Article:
U.S. District Court Judge Virginia Emerson Hopkins for the Northern District of Alabama also ordered Hall to serve one year of supervised release following the prison term. Hall has agreed to forfeit $15,757,000 as well as real estate and a Harley Davidson motorcycle.
Hall pleaded guilty on Feb. 18, 2010, to bribery conspiracy and money laundering and agreed to testify against his co-defendants, former U.S. Army Major Eddie Pressley and his wife, Eurica Pressley. The Pressleys were convicted on March 1, 2011, of bribery, conspiracy to commit bribery, honest services fraud, money laundering conspiracy and engaging in monetary transactions with criminal proceeds.
The case against Hall and the Pressleys arose from a corruption probe focusing on Camp Arifjan, a U.S. military base in Kuwait. As a result of this investigation, 17 individuals, including Hall, have pleaded guilty or been found guilty at trial for their roles in the scheme.
Wife of Former Army Major Sentenced to 72 Months in Prison for Role in Bribery and Money Laundering Scheme Related to Dod Contracts
(DoJ) – WASHINGTON – February 23, 2012 – Eurica Pressley, 39, was sentenced today in Birmingham, Ala., to 72 months in prison for her participation in a bribery and money laundering scheme related to bribes paid for contracts awarded in support of the Iraq war, announced Assistant Attorney General Lanny A. Breuer of the Justice Department’s Criminal Division.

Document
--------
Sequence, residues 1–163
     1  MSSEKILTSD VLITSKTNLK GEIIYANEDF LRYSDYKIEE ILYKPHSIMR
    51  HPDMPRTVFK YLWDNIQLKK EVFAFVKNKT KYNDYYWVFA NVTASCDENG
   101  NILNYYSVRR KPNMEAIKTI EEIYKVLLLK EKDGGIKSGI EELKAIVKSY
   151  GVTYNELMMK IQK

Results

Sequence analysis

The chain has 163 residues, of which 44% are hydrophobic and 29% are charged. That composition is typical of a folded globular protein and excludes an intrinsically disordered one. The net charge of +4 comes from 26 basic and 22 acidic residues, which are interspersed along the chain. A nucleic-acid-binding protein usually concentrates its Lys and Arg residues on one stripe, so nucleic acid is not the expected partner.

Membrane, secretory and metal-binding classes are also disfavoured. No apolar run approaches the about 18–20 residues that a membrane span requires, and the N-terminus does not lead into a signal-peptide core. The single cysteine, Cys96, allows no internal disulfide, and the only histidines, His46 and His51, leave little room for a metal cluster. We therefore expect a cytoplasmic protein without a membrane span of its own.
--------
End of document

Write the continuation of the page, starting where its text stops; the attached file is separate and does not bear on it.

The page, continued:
U.S. District Court Judge Virginia Emerson Hopkins for the Northern District of Alabama also ordered Pressley to serve three years of supervised release following the prison term and to forfeit $21 million as well as real estate and several automobiles, jointly with her husband, Eddie Pressley. On Jan. 5, 2012, Eddie Pressley, was sentenced to 144 months in prison. He also was ordered to serve three years of supervised release.
“Eurica Pressley helped her husband and others facilitate a wide-ranging bribery and money laundering scheme by hiding ill-gotten gains and creating phony paperwork to help conceal the conspirators’ crimes,” said Assistant Attorney General Breuer. “Through the determined efforts of our agents and prosecutors, 17 individuals have now been brought to justice for their role in this multi-million dollar bribery scheme.”